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Nextbit Robin no longer coming to Verizon or Sprint

Nextbit has just sent out a letter to backers explaining that the Robin will no longer be headed to Verizon or Sprint.

Published onMarch 17, 2016

nextbit robin review aa (8 of 20)

It was big news when Nextbit announced it would be bringing its crowdfunded smartphone, the Robin, to U.S. CDMA carriers a few months ago, but unfortunately that was too good to be true. Nextbit has just sent out a letter to backers explaining that the Robin will no longer be headed to Verizon or Sprint.

In the letter to backers, Nextbit CEO Tom Moss gave some reasoning for the cancelation. Nextbit wasn’t even planning on launching a CDMA variant of the Robin, but so many folks reached out to the company during the Kickstarter campaign that they decided to look into it. Because the crowdfunding campaign was a mere 30 days long, Nextbit was in a rush to figure out if they could launch a CDMA version or not. The answers Nextbit received from the carriers turned out to be not so accurate, which meant Nextbit would need to pay much more money and wait much longer than anticipated to launch a CDMA-certified Robin.

Moss explains that instead of pushing back the launch date of the Robin, it’s better to cancel it altogether until the company can get things sorted out. Here’s an excerpt from the letter:

Originally, we weren’t planning on launching a CDMA version, but we had many folks reach out to us during the Kickstarter campaign asking for it, so we decided to take a look. Nextbit is comprised of people who have been in the mobile business for a while (since the birth of the modern smartphone era). Many of us have worked on devices that have shipped on U.S. CDMA carriers previously, and had a rough understanding of the issues involved. As soon as we saw the many requests from our backers for supporting this, we called and emailed folks we know at the various U.S. CDMA carriers and asked about the process to ship an open-market phone that would work on these networks.
As you can imagine, we were in a rush. The Kickstarter campaign is only 30 days long, and it wasn’t until the second week of the campaign that we realized the demand and started the investigation. Because of this, we had to go with the best information we could get before the campaign was over, and over time it turned out that this information was not accurate. What people at the carriers, in good faith given our need for quick answers, thought would take “weeks” has turned into “months”. What they thought would cost “hundreds of thousands of dollars” has turned into “millions”. And we’re still not there. The goal posts are still being moved, and at this point, we think it is better to cancel this version rather than continue to try and make progress with no clear answers to offer regarding when we would actually be able to ship.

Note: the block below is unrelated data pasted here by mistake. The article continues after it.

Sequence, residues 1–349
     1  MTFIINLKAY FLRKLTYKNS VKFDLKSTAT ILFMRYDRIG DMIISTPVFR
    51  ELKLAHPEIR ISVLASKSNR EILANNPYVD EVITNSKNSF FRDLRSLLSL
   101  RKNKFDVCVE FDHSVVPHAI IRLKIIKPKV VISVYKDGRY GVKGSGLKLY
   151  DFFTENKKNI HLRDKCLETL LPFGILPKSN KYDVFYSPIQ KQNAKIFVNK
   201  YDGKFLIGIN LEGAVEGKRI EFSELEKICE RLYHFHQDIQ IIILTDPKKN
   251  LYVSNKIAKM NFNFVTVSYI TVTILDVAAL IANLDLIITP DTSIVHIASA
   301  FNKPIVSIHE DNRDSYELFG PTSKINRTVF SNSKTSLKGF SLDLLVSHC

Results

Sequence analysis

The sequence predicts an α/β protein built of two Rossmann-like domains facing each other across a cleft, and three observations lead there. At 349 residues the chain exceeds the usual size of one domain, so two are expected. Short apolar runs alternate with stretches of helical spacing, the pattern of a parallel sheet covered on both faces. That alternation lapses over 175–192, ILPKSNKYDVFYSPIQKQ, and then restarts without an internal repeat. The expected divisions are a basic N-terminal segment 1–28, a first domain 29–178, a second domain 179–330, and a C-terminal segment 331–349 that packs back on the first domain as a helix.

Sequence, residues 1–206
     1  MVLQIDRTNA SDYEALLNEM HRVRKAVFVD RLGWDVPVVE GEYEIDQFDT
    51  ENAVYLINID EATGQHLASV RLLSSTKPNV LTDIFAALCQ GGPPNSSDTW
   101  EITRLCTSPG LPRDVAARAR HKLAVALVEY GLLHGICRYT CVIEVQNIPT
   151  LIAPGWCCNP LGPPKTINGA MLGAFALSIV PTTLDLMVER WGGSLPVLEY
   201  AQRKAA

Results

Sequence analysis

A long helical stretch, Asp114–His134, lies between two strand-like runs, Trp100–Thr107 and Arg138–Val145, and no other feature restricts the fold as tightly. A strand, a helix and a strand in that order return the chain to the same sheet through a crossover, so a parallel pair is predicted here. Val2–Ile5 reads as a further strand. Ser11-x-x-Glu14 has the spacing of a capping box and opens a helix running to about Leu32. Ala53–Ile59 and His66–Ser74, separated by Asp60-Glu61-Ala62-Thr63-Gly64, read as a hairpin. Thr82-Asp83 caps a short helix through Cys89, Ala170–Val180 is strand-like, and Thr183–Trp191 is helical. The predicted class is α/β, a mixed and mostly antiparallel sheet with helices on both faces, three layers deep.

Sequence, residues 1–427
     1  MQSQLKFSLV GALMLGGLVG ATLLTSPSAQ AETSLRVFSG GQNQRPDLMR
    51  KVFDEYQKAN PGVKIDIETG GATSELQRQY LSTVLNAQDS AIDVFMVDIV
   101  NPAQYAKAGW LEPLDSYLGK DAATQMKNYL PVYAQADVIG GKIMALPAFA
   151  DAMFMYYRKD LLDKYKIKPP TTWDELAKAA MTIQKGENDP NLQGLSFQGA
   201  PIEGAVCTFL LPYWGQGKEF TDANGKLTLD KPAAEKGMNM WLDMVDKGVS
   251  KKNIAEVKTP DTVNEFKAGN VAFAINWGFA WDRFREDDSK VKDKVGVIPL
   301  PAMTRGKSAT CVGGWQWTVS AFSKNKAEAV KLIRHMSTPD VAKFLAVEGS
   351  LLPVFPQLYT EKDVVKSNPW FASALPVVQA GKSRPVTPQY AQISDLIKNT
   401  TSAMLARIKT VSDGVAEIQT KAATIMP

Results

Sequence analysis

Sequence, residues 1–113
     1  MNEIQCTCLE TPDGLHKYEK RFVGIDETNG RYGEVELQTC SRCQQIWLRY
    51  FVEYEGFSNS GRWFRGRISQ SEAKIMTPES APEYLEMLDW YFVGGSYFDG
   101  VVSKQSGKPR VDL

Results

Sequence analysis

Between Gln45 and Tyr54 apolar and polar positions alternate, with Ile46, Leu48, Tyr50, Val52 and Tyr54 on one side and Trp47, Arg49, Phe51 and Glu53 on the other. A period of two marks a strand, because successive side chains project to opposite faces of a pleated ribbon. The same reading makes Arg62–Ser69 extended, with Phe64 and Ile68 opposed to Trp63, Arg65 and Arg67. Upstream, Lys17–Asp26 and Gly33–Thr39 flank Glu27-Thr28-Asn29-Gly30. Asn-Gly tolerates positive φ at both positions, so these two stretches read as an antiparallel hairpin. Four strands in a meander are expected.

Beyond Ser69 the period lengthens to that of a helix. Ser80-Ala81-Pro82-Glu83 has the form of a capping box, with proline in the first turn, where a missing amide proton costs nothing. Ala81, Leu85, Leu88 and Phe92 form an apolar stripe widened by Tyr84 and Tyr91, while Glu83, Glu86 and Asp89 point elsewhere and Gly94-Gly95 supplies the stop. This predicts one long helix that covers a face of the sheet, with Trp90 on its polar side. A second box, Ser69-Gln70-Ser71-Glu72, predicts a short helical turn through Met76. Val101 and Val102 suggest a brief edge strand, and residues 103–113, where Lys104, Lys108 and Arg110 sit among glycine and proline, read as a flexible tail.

We first realized there was a big delta between what we originally thought and reality in January. It should have been sooner but to be honest a big part of the problem is how long it takes just to get the right information (and in some cases, what we were doing was a “one-off” for the carriers and they didn’t even decide themselves yet how it would be treated until as late as a week ago). Even then, we believed we could recover and launch in March. Then new information came up and it became April. We really thought that would be it, but yet again, we were wrong. We should have known better. We were not sufficiently doubtful of what we were told given everything we already knew from our experience at previous companies. We were too optimistic, too bullish, and as a result we have to deal with our biggest fear, disappointing you, our supporters. This is bad for you, and this is bad for us. The best we can do is send you this explanation with our sincerest apologies, and try to make sure you don’t suffer any financial loss in addition to the disappointment of not receiving a CDMA Robin.
Nextbit Robin Review

So where does that leave folks that already ordered a CDMA Robin? Nextbit will give every CDMA backer a full refund within the next two days. Kickstarter backers will get a refund for their entire pledge as well as any additional expenses (accessories, shipping, etc). Folks who pre-ordered the device won’t get charged at all.

Every CDMA backer will also get a 25% discount code good for one order from Nextbit’s online store. This means you can buy a GSM-certified Robin for 25% off. If you can’t use the discount yourself, the company says you should pass it on to a friend or family member who can take advantage of it.

This obviously isn’t ideal, but Nextbit is clearly doing their best to make up for the promise of a CDMA variant. Have you ordered a CDMA version of the Robin? If so, let us know in the comments.

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